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Democracy Struggles in Parts of Africa

The violence that has been unleashed in the wake of Kenya's controversial presidential election has led some analysts to question whether democracy is struggling in Africa.

More than 600 people have died and about 250-thousand have been forced to flee their homes since President Mwai Kibaki declared victory in December's disputed election in Kenya.

According to official figures, Mr. Kibaki had a razor thin majority over opposition leader Raila Odinga of the Orange Democratic Movement. Mr. Odinga claims that the vote count was rigged. International observers say that the vote was flawed.

Many experts say that Kenya seemed an unlikely place for Africa to descend into widespread post-election violence. They note that Kenya's 2002 presidential election was the best that the country had ever had and created public enthusiasm about Kenya's future.

Kenya's Position in the Region

Kenya, a politically stable and prosperous nation, has been deemed a reliable regional player by the international community. Along with South Africa and Nigeria, many experts say it has been key to the stability of sub-Saharan Africa.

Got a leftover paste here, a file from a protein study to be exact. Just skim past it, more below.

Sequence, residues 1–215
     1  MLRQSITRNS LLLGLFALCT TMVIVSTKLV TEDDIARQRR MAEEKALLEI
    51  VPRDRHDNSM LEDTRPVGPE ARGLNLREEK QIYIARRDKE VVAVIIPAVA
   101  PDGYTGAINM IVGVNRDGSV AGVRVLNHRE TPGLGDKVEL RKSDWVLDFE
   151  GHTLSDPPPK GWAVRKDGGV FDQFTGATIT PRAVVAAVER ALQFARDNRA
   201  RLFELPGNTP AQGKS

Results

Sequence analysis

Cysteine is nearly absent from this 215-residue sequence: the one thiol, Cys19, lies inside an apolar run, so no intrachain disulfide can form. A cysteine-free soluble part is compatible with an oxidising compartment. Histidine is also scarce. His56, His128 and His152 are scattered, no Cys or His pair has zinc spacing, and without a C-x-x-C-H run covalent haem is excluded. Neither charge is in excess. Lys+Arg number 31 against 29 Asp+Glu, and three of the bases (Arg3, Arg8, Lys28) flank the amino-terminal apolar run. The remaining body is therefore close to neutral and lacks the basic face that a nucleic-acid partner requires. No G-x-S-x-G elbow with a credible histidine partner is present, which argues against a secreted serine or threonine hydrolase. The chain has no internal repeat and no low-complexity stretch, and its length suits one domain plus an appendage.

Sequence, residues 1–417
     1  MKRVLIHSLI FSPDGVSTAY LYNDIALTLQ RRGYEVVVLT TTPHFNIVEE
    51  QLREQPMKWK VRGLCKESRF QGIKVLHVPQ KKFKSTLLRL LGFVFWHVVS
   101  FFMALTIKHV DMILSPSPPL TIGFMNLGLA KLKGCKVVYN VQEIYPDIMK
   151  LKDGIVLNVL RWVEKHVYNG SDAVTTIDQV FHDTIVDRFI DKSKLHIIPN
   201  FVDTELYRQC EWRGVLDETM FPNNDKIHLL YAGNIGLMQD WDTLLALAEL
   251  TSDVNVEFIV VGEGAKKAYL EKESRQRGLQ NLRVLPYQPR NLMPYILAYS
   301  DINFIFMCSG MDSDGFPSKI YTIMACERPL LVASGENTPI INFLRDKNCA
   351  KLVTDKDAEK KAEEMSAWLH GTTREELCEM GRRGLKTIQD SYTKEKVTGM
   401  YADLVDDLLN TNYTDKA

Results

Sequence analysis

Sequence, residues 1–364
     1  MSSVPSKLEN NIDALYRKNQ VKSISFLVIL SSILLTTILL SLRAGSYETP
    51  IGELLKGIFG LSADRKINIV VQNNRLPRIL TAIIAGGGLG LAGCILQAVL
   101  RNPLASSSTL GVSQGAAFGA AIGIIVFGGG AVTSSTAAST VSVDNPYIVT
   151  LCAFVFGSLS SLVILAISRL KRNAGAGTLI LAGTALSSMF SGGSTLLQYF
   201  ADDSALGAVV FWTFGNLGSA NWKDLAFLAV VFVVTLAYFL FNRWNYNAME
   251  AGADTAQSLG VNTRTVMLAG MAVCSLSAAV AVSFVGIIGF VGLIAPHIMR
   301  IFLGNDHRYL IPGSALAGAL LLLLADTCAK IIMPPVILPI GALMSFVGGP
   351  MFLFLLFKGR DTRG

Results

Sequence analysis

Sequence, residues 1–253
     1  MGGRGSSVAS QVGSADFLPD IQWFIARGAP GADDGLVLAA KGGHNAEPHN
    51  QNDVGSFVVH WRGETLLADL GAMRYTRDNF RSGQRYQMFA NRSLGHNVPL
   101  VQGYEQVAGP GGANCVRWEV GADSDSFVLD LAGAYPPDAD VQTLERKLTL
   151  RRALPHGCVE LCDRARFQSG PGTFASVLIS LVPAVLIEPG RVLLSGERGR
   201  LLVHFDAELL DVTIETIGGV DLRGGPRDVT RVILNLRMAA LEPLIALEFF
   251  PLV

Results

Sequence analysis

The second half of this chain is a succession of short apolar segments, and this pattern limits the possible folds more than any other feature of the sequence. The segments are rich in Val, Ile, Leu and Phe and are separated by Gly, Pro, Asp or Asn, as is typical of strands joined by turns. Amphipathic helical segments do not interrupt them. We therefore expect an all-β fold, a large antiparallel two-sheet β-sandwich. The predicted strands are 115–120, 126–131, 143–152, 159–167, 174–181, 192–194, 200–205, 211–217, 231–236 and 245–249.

David Shinn, a foreign affairs expert at The George Washington University with extensive U.S. diplomatic experience in Africa, says Kenya is an indispensable trading hub. "Kenya serves as the entry point for the hinterland, Uganda, Rwanda, to some extend Burundi, eastern Congo and increasingly for southern Sudan. Trade goes through Kenya," says Shinn. "Kenya is critical for commerce of these other countries that are landlocked. In addition, the Kenyan economy is the driving economy in the region. In fact, it's one of the most successful economies in all of Africa, certainly in all of Sub-Saharan Africa."

Shinn says Kenya is also an important diplomatic player and a place from where international and non-governmental organizations can address crisis zones in the region, including Rwanda, eastern Congo and southern Sudan.

Kenya's vibrant civil society has also been a model for many African nations. Political scientist Michelle Gavin with the Council on Foreign Relations in New York says democracy has made significant inroads in Kenya. "Kenyans fought very hard for multi-party democracy and they struggled for a long time for their political and civil society rights. I believe that there is some real depth to that civic element that believes in democratic political processes, that believes in the rule of law," says Gavin.

Yet, Gavin notes, Kenya suffers from decades of bad governance, corruption, tense tribal divisions and most of its 35 million people remain poor. Frustrations like these, she says, fueled Kenya's post-election violence.

Democracy and Election Crises in Africa

Many analysts warn that flawed elections have spread throughout the continent in recent years. Some international observers called Nigeria's elections last April, in which dozens of people were killed, the most fraudulent vote ever witnessed in that country. And the year before in Ethiopia, flawed elections led to violence that claimed about 200 lives.